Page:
In the health sciences program at Whitworth, I loved our discussions about logic, reasoning and faith. [My cancer treatment] was a time when I tried to put away more of the logic and really rely on my faith and what I thought God was trying to do. I always had a feeling that this experience would give me a very different perspective than I would have ever had, especially going through it at such a young age. I knew that if I got to the end of treatment, which I did, it would make the biggest impact on my life. I held onto that, and I know I will continue to learn from the experience.
My time at Whitworth led me to where I am today professionally and personally. I built relationships with coaches and teammates who have become lifelong friends. My health science professors introduced me to the world of research, giving me the desire to continue my education. I could not have been better prepared to go to graduate school. My professors cultivated great relationships that flourished our educational experiences and that left me wanting to build similar relationships with those I may help and educate in the future.
As a clinical research coordinator for Shriners Hospitals for Children, I assist physicians with research on a wide variety of topics and conditions relating to pediatric orthopedics. I do everything research-related from meeting with the physicians to write research proposals, talking with the children's families, collecting data and writing for publications.
Helen Higgs (kinesiology & athletics), left, Emily Shull's former basketball coach, attends a “haircut party” in June 2016. Shull had her hair cut before starting chemotherapy and donated her hair to Wigs for Kids.
Pre-COVID, my husband and I volunteered at the cancer clinic I had gotten care at in South Carolina. I would bring patients water and blankets and talk to them if they needed someone to talk to. It was fulfilling and almost therapeutic for me. But after that I didn't have anything that filled that gap. Working in a hospital now, I get to see how the physicians and therapists are helping the kids. Being a part of the research efforts, and seeing the outcomes and changes that are being made to better the lives of these kids, have helped fill the gap that I didn't know I needed filled.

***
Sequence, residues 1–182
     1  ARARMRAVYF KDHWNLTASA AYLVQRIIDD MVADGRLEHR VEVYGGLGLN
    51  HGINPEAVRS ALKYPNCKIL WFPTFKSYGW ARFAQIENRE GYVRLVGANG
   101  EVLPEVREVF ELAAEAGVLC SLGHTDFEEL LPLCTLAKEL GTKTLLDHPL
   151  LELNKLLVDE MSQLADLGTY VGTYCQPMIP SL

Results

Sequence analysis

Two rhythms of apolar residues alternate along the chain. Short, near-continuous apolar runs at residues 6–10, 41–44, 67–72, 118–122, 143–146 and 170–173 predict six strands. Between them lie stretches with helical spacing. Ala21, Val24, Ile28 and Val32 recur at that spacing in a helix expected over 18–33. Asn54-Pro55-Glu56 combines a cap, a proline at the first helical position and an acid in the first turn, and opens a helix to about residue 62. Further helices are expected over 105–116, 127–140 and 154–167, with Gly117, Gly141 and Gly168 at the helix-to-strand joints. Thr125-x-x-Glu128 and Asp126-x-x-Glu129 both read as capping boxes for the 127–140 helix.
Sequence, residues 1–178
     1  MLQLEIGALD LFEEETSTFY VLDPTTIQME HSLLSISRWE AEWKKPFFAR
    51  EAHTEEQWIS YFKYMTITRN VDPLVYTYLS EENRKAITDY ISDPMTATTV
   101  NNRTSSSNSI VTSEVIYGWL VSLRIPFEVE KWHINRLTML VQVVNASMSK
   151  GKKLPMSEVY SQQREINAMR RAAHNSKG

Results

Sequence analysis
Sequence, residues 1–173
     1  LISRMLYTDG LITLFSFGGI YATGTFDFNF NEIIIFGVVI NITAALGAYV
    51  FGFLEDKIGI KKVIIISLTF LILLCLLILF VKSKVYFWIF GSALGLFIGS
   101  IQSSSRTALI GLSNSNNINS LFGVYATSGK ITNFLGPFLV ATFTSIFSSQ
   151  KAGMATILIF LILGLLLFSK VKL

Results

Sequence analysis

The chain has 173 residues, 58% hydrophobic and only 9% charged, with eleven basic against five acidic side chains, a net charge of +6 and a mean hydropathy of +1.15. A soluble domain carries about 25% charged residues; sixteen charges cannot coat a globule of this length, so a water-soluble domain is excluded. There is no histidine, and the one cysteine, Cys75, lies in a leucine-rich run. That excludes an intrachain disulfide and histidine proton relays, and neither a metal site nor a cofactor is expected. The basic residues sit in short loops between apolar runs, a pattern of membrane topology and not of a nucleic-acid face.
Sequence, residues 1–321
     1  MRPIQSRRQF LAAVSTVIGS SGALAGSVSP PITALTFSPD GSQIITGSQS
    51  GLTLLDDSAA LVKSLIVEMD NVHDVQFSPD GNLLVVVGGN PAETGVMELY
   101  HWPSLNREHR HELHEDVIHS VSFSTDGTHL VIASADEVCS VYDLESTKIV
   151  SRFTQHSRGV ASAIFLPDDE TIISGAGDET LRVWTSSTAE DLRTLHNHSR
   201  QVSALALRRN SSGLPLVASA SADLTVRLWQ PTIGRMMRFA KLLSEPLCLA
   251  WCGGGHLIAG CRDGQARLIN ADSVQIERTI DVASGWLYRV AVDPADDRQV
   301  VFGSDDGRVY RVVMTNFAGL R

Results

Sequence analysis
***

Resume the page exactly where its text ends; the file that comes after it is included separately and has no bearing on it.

Working in a hospital, it's amazing to see how the kids are so resilient, going through amputations and other conditions, and seeing their families and everyone at Shriners coming together to help them. If I hadn't gone through what I went through, I wouldn't be able to cherish that as much.
I have learned that you can't plan everything. You have to be okay with leaving your plans with God and trusting your faith, and allowing people to help you when you need help. My husband and I struggled with that when I was first diagnosed – all these people donated and put on fundraisers for me. I almost felt undeserving because everyone went above and beyond. I had to learn to give myself some grace and let that love come in.
A favorite verse of mine is Philippians 4:12-13: "I know what it is to be in need, and I know what it is to have plenty. I have learned the secret of being content in any and every situation, whether well-fed or hungry, whether living in plenty or in want. I can do all this through him who gives me strength."
I didn't truly understand this verse before I battled cancer. This verse is particularly applicable to my life post-cancer as I try to create a "new normal" for myself. I have been healthy and I have been very sick. I have been on vacations in beautiful places and I have been confined to a hospital room, hooked up to machines for weeks. Although I am still thriving to "learn the secret of being content in any situation," I am much more adaptable and able now than I ever was before. This verse is a reminder of getting through difficult times by leaning on God's strength.